(Updated includes additional earnings call details; updated closing price.)Bank of America's ( BAC) surprisingly strong second-quarter profit was unable to mask the underlying credit problems that stand to cause further pain ahead. The Charlotte, N.C.-based bank topped expectations by earning $3.2 billion, or 33 cents per share, last quarter, reflecting strong results in capital markets and mortgage lending, as well as special gains. BofA's bottom line was either 5% or 25% below the year-ago quarter, depending on whether preferred dividends are factored in. Either way, it topped the average analyst prediction that BofA would earn 28 cents per share, according to Thomson Reuters, although
BofA shares closed 2.1% lower Friday afternoon at $12.89. The quarter was a reflection of tougher times for the broad economy, as consumers faced sharply higher unemployment and businesses shrank from waning demand. Regulators also disclosed the results of bank stress tests, showing BofA would need to raise Tier 1 capital by at least $33.9 billion -- more than any other -- to weather more severe economic stress. Investors have been watching the results of high-profile banks like BofA to determine how far along in the economic crisis they may be. Also on Friday,
Citigroup ( C) and General Electric ( GE) reported surprise profits, in an earnings season kicked off with surprisingly strong profits from Goldman Sachs ( GS) and JPMorgan Chase ( JPM). Opinions seemed to be split on what the second-quarter results portend for the rest of the year. FBR's Paul Miller noted that BofA is "definitely ahead" of an earlier stated target of $45 billion to $50 billion in pretax, pre-provision earnings for the year. But following the call, analysts from CreditSights issued a report stating that "headline EPS beat the Street consensus, but on a core basis it missed." Chris Armbruster, senior research analyst at Al Frank Asset Management, said he was impressed by the "speed and effectiveness" with which BofA has been able to integrate Merrill Lynch. BofA booked $1.2 billion in cost savings over the past six months due to the Merrill acquisition, "well ahead" of its goal, Lewis said. And despite a $3.6 billion negative value adjustment on Merrill Lynch's toxic assets, the addition of Merrill drove much higher investment banking fees, pushing BofA to the top spot in several league rankings.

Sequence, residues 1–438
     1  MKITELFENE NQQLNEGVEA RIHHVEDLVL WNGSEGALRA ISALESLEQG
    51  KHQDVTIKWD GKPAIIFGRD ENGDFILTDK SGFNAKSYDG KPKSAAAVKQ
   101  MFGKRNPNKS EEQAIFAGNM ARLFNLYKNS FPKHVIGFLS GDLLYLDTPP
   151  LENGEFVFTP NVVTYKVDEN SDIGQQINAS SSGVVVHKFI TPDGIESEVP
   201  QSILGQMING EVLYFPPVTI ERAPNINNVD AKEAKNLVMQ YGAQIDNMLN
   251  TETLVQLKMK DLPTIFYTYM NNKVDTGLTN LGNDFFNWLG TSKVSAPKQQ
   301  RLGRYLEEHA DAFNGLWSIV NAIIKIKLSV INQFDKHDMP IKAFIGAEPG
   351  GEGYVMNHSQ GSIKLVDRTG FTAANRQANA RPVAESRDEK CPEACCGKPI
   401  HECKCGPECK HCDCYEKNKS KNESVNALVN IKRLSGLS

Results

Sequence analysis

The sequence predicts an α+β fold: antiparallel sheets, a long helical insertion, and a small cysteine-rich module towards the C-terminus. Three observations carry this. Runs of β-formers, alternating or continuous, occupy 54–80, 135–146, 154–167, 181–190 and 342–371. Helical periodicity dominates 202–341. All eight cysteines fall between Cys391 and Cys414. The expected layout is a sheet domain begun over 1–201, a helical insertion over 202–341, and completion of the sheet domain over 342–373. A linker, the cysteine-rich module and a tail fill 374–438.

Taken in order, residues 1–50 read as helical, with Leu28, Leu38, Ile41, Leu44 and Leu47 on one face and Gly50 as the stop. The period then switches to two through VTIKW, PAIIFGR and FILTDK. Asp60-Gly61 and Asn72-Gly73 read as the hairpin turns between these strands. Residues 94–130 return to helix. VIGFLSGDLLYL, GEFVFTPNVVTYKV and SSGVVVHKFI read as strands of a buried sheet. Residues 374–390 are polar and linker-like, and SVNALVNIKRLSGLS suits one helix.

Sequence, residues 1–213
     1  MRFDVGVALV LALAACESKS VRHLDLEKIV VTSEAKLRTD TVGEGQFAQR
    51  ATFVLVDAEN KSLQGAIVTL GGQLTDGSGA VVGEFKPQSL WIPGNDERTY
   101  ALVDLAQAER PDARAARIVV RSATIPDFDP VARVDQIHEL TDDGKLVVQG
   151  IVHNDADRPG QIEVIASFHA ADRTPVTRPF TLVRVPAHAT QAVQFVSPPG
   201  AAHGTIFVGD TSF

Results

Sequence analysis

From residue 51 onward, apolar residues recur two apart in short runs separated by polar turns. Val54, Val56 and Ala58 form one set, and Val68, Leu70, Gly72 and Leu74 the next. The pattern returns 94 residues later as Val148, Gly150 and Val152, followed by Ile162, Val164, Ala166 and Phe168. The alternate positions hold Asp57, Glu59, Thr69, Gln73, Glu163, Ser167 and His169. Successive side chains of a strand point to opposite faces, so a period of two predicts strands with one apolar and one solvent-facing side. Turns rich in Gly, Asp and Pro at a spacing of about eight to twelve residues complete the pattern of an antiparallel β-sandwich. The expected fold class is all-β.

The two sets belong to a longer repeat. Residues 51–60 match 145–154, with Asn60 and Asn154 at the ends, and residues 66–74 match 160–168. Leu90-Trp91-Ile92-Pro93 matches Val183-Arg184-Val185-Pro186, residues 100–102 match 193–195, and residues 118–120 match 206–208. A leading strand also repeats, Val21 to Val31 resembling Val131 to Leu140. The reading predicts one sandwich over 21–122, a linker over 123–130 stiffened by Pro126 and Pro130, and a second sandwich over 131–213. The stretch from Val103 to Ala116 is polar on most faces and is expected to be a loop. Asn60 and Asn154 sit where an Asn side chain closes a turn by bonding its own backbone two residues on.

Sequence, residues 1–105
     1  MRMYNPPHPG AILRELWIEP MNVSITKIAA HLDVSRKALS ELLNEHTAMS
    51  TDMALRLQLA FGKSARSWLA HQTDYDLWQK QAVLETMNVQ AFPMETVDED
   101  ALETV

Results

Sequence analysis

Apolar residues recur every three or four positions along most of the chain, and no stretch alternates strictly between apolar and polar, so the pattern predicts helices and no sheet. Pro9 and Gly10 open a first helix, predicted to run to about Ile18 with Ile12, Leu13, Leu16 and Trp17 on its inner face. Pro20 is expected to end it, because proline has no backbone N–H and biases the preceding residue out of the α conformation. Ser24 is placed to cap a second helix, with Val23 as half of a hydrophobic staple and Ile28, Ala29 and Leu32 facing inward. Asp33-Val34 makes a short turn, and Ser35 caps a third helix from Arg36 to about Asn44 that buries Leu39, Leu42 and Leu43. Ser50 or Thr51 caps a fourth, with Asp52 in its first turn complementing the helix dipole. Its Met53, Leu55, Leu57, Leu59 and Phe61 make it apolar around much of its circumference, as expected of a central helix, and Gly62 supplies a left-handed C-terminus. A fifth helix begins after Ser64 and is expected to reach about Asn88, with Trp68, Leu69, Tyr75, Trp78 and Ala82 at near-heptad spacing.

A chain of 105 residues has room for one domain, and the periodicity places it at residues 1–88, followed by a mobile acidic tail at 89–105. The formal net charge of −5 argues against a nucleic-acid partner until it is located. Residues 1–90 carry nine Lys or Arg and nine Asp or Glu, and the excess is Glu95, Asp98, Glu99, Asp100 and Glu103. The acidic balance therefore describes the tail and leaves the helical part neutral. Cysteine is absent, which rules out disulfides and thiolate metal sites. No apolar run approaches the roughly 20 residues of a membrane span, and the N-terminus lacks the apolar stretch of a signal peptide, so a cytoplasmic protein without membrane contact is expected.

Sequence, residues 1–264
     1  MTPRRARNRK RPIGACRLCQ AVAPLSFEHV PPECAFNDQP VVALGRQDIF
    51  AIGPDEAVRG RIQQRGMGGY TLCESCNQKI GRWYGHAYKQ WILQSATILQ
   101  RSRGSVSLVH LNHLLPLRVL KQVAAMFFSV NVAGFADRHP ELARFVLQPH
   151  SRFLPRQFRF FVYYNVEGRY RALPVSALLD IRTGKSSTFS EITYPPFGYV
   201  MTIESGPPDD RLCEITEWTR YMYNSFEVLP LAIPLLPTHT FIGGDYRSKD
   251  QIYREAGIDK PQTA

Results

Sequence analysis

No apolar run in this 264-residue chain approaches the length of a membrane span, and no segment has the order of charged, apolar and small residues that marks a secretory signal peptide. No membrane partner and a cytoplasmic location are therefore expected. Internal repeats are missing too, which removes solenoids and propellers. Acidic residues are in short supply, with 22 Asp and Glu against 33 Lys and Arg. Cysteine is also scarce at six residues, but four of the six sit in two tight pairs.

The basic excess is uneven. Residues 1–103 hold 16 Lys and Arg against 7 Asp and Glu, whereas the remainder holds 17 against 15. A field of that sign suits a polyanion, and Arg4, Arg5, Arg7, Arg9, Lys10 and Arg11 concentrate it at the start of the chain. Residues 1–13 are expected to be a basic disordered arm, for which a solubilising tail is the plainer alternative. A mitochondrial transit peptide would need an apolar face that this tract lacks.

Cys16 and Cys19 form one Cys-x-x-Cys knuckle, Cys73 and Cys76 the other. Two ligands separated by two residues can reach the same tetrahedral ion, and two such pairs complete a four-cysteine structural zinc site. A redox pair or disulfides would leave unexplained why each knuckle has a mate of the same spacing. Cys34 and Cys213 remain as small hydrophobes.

"Net-net I am more positive on the shares now than I was before the report," says Armbruster, noting that the second troubled acquisition BofA completed over the past year, Countrywide Financial, has helped drive home loan business as well. Analysts were also eager to gain insight from executives about how long they expect the recession to drag out. Isabel Schauerte, an analyst at financial research and consulting firm Celent, calls BofA's results "
the bellwether of where Main Street is headed" more so than any of its peers. But based on BofA's $13.4 billion provision for loan losses during the quarter, a moderation of default rates is "not in sight," Schauerte adds. Lewis noted that early-stage delinquencies have climbed markedly, that there are several variable factors affecting future stress, from changes to credit card and bankruptcy laws to economic worries like unemployment. When asked when credit metrics will stop getting worse, the CEO said he expects reserve building to lessen in coming quarters, and that consumer charge-offs may peak by year-end. Still, Lewis added, "You'd have to be a psychic and be able to predict the economy so I couldn't do that."